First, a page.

iRacing, previously iRacing.com is a subscription-based racing simulation released by iRacing.com Motorsport Simulations in 2008. Official races, special events, league races, and practice sessions are all hosted on the service’s servers. The service simulates realistic cars, tracks, and racing events, and enforcing rules of conduct modeled on real auto racing events.
iRacing only allows the use of a realistic cockpit view in official racing, but will allow for other camera views in test sessions or other sessions if the host or organizer allows. Most users use a force feedback steering wheel with gas, brake, and clutch pedals, as well as H-pattern shifters and/or sequential shifters. A gamepad can be used, though it is discouraged and puts the user at a competitive disadvantage. The gameplay is developed to mimic auto racing in as much detail as possible.
When a user begins their iRacing “career,” they start with a Rookie-level license in Oval, Dirt Oval, Road, and Dirt Road categories. In order to advance onto the “D”-level license and beyond, the user must complete a number of races with little to no accidents, off-track incidents, or losses of control. As the user achieves the higher-level licenses, they qualify to compete in different official series.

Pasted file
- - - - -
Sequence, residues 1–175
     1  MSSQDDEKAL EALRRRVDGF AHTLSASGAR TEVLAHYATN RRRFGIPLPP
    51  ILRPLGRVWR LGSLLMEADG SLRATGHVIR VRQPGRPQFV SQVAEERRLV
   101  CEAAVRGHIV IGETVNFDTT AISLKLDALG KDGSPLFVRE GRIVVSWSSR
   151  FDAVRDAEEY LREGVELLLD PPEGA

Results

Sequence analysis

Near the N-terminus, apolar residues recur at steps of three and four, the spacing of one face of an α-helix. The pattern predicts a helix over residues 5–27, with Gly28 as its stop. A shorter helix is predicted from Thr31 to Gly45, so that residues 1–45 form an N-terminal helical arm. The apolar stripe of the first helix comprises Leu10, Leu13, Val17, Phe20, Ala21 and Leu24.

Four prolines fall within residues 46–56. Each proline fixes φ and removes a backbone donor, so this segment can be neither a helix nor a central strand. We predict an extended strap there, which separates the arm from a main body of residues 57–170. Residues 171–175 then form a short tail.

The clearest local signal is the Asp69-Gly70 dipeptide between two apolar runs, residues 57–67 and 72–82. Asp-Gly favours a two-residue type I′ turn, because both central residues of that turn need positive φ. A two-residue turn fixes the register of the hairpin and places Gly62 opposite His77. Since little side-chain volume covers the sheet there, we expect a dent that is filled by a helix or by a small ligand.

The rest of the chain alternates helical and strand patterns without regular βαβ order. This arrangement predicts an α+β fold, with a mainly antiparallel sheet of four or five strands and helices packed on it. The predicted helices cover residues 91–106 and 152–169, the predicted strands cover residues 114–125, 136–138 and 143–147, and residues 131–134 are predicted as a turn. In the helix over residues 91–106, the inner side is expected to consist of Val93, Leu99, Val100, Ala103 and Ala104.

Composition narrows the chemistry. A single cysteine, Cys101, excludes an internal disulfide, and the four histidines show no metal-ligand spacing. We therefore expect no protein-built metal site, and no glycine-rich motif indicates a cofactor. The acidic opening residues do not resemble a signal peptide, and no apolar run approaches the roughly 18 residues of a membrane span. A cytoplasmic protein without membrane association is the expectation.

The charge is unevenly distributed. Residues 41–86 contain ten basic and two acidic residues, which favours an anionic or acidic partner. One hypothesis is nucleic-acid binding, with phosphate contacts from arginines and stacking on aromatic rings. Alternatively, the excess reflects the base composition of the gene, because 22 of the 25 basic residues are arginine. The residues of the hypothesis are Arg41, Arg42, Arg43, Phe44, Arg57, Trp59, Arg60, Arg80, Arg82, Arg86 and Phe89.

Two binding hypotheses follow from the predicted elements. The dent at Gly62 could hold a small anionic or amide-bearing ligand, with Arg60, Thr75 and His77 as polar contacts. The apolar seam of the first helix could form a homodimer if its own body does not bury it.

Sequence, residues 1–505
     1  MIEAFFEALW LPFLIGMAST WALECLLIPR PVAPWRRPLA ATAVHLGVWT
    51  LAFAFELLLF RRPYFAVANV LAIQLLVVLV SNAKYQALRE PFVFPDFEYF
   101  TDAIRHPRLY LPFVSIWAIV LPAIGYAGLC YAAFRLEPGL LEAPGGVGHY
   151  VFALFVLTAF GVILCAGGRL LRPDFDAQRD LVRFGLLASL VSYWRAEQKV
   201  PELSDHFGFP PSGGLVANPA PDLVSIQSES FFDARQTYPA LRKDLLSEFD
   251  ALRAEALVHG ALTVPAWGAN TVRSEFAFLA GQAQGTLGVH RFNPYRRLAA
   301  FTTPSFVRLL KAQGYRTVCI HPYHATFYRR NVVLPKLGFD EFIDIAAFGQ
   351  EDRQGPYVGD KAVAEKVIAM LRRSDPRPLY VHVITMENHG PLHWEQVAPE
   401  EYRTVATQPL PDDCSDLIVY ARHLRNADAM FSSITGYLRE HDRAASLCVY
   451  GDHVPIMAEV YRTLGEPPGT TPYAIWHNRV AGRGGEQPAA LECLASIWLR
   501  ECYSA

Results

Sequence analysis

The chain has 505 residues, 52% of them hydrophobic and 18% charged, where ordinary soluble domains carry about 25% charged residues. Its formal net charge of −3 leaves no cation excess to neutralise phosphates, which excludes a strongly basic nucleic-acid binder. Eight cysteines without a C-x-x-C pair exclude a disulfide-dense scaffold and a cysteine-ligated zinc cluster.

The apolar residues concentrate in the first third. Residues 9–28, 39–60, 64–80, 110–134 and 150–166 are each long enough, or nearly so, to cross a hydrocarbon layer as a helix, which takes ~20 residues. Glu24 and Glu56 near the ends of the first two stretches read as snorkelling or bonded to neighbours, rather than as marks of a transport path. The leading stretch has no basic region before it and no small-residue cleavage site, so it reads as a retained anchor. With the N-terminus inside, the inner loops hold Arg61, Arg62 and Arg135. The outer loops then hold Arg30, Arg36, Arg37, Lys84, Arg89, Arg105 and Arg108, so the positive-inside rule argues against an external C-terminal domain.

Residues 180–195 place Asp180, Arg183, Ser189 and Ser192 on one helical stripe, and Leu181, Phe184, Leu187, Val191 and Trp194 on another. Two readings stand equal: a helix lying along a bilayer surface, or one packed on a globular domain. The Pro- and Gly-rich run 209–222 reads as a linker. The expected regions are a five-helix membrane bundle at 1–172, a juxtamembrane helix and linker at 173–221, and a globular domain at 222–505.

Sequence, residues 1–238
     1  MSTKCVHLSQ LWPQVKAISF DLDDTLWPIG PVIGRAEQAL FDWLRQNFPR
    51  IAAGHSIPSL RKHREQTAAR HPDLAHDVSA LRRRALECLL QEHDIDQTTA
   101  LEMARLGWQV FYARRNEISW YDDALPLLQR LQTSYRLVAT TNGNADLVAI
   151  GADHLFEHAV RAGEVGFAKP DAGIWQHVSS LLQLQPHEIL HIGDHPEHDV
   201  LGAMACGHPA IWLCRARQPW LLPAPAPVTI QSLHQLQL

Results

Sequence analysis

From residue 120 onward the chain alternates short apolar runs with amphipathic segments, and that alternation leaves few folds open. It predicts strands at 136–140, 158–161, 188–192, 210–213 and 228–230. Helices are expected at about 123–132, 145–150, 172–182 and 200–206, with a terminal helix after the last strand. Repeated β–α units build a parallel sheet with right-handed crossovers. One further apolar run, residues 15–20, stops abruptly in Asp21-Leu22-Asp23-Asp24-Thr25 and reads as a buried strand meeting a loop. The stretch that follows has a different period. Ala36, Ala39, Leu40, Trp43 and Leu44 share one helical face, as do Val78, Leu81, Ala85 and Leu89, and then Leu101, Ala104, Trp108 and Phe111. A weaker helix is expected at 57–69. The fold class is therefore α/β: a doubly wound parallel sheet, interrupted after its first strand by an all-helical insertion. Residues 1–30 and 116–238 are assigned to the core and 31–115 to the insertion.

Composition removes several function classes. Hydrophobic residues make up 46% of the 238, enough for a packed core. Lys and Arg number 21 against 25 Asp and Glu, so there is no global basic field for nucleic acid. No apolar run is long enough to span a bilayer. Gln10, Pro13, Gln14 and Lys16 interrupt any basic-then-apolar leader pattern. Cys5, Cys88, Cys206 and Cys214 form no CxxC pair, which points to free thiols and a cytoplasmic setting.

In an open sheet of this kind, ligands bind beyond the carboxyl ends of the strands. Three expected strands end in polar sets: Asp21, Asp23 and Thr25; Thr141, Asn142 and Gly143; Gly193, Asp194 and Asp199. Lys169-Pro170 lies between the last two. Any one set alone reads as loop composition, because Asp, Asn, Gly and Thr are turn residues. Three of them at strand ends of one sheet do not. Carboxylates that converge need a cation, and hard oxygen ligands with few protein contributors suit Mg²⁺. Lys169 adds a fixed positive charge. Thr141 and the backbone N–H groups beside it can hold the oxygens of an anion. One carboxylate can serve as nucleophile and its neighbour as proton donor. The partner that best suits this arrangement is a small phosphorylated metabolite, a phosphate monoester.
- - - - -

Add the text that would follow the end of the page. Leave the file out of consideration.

For the standard official series managed by iRacing, each calendar year is normally divided into four 12-week seasons, with all driving sessions in a series taking place on one track for each week during the 12-week seasons. Drivers can participate in practice, qualifying, license time trials, and race sessions. The week between each season is referred to as “week thirteen”, and has its own set of series which change track each day. During Week 13 drivers cannot complete time-trials, and so cannot add to their licence level. Week 13, in general, has a more relaxed attitude, with an emphasis on fun, rather than competition. Week 13 is often plagued with server issues, as the purpose of the week is for the implementation of software updates. There are also non-standard series, examples of which are the four-week Rookie series, IndyCar, Skip Barber and Grand-Am Premier series, and Pro series. Races that are organized by members do not have to follow any official schedule. The series are divided into two main categories, oval and road, which are further divided into several license level series from Rookie to Pro, and a driver must earn each license to be eligible to participate in official race week sessions at their license level. If not qualified for the correct license for a series, drivers can still participate in practice sessions. Earning a higher license involves both participation in competitions on a driver’s current highest license level and achievement of a minimum safety record. The requirements for advancing and the licenses themselves are category-specific — in other words, a driver has a separate license for road and oval categories.